Gov. Ron DeSantis of Florida said that claims about the 2020 election being stolen were false, directly contradicting a central argument of former President Donald J. Trump and his supporters.
The comments went further than Mr. DeSantis typically goes when asked about Mr. Trump’s defeat. The governor has often tried to hedge, refusing to acknowledge that the election was fairly conducted. In his response on Friday, Mr. DeSantis did not mention Mr. Trump by name — saying merely that such theories were “unsubstantiated.” But the implication was clear.
“All those theories that were put out did not prove to be true,” Mr. DeSantis said in response to a reporter’s question after a campaign event at a brewery in Northeast Iowa.
The more aggressive response comes a day after Mr. Trump was arraigned on charges related to his plot to overturn the 2020 election. As he has courted Mr. Trump’s voters, Mr. DeSantis has blasted the prosecution as politically motivated and has said that he did not want to see Mr. Trump charged. His new comments suggest that Mr. Trump’s legal peril may have altered his political calculation.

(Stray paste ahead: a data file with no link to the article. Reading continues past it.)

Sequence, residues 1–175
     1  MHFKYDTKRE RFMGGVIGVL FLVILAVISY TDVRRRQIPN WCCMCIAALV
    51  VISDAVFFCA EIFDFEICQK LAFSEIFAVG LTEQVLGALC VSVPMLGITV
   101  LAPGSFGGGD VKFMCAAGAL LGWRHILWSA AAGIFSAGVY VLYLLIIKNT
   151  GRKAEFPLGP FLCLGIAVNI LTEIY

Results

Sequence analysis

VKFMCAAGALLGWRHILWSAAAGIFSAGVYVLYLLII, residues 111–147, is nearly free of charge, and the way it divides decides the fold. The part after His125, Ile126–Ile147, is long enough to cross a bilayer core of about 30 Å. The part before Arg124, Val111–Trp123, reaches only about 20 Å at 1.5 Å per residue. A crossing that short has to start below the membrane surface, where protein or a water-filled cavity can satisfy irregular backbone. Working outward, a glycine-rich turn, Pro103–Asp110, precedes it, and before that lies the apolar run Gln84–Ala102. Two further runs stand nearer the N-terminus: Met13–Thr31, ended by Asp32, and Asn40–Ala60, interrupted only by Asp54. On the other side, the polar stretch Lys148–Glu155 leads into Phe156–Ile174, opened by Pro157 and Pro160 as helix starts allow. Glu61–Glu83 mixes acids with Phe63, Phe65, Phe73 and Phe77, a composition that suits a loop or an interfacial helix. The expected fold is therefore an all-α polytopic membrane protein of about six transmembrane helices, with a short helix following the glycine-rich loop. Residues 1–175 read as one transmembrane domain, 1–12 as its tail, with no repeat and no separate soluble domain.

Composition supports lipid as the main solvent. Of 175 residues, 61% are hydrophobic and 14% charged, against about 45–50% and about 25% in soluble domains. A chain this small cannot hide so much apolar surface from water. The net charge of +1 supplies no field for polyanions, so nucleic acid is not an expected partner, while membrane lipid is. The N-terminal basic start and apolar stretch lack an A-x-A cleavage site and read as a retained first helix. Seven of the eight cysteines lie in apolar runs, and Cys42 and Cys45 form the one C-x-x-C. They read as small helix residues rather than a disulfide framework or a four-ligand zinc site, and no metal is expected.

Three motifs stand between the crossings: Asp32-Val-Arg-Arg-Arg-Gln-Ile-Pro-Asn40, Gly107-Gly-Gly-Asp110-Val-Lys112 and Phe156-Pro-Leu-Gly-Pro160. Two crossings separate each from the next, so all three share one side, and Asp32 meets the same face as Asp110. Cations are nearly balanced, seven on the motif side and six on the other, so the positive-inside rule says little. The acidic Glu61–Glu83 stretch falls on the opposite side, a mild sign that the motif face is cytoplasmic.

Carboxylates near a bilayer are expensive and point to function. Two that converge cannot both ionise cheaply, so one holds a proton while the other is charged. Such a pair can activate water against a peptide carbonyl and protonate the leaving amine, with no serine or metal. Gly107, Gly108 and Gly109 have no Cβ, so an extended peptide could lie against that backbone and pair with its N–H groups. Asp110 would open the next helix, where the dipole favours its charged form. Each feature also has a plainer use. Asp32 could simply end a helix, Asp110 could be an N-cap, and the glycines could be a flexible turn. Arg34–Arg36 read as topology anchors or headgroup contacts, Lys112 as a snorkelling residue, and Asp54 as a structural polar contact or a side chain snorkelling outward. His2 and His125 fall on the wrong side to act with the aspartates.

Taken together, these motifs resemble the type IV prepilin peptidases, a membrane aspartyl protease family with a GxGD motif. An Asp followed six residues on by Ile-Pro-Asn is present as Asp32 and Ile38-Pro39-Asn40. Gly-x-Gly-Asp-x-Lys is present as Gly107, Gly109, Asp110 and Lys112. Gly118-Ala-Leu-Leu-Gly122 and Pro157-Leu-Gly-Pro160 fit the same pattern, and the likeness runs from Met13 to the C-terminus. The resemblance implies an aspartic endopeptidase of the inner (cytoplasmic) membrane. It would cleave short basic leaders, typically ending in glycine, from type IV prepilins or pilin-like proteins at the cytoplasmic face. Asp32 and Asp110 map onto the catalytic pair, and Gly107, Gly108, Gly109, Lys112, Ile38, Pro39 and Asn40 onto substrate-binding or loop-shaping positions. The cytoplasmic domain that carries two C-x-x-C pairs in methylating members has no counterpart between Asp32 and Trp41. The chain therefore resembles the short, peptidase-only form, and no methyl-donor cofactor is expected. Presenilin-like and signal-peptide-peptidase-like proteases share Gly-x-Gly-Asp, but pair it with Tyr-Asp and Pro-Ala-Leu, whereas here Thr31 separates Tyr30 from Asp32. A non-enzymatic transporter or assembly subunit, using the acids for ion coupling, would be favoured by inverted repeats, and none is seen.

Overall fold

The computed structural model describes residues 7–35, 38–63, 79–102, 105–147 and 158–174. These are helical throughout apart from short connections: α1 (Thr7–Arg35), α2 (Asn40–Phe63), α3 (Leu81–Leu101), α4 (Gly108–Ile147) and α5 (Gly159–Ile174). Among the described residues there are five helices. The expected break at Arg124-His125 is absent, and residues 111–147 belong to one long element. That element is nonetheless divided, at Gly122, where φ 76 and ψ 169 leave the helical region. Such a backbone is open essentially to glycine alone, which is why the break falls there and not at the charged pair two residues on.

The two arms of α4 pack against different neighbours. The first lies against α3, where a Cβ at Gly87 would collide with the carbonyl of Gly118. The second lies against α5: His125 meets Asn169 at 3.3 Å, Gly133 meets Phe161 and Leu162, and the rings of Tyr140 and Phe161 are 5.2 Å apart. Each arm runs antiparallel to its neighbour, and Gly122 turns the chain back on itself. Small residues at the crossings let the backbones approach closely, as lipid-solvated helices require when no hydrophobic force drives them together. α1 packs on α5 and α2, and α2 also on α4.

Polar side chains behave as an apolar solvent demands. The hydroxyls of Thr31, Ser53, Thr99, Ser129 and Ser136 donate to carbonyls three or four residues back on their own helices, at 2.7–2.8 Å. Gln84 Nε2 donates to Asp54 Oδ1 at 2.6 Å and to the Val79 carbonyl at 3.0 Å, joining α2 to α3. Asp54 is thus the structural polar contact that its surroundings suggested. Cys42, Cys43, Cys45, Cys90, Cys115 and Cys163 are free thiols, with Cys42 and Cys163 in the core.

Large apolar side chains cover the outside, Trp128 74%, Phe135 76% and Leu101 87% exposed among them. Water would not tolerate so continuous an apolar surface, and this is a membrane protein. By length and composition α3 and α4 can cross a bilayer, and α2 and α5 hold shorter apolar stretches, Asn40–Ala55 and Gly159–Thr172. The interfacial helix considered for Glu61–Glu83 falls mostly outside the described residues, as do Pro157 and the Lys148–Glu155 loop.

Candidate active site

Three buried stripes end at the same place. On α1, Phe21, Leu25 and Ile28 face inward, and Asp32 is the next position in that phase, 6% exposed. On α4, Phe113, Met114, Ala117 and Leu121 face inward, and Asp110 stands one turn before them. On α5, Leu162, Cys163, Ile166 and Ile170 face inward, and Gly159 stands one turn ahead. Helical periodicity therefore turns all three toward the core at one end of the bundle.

The governor has previously been far more circumspect about 2020, generally using such questions on the subject to talk about electability, lament the “culture of losing” that has developed among Republicans under Mr. Trump’s leadership and boast about the security of Florida’s elections.
On Friday, Mr. DeSantis did criticize aspects of the 2020 election, including changes to voting procedures made because of the coronavirus pandemic. But he specifically dismissed one particularly far-fetched theory that Venezuela, now led by President Nicolás Maduro, hacked voting machines.
“It was not an election that was conducted the way I think that we want to, but that’s different than saying Maduro stole votes or something like that,” he said. “Those theories, you know, proved to be unsubstantiated.”
Mr. DeSantis also said he did not have much time to watch coverage of his chief rival’s arraignment on Thursday.
“I saw a little bit,” he said. “Unfortunately, one of the things as governor that you have to do is oversee executions. So we had an execution yesterday, so I was tied up with that for most of the day.”